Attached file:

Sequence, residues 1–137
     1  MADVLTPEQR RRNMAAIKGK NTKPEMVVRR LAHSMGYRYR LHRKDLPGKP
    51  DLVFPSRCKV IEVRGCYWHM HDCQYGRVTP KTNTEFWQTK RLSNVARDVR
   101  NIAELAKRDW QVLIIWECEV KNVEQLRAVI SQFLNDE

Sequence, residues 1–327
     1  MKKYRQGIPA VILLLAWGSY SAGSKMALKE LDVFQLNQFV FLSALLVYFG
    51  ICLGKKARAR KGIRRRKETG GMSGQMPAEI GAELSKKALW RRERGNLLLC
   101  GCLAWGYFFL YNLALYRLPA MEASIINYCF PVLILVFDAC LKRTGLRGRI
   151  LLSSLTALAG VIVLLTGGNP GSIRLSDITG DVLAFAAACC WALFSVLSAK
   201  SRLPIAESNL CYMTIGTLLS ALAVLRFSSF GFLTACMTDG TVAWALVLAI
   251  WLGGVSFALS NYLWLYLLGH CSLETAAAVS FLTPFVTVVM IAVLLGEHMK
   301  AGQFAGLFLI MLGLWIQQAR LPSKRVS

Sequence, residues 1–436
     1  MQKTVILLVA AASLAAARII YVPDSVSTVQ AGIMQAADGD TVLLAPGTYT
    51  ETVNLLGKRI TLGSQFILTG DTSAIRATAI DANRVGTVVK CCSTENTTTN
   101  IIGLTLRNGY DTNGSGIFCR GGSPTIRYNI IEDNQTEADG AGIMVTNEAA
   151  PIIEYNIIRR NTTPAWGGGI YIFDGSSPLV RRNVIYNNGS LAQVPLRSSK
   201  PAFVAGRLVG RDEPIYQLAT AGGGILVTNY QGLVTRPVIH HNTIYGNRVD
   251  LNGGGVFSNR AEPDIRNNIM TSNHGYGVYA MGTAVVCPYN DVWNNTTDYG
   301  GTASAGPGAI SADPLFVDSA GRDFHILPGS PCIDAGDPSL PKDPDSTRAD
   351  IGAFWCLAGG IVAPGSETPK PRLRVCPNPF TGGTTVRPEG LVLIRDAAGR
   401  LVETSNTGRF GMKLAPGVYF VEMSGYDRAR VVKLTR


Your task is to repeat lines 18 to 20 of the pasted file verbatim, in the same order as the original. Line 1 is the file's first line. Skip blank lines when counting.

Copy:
   201  PAFVAGRLVG RDEPIYQLAT AGGGILVTNY QGLVTRPVIH HNTIYGNRVD
   251  LNGGGVFSNR AEPDIRNNIM TSNHGYGVYA MGTAVVCPYN DVWNNTTDYG
   301  GTASAGPGAI SADPLFVDSA GRDFHILPGS PCIDAGDPSL PKDPDSTRAD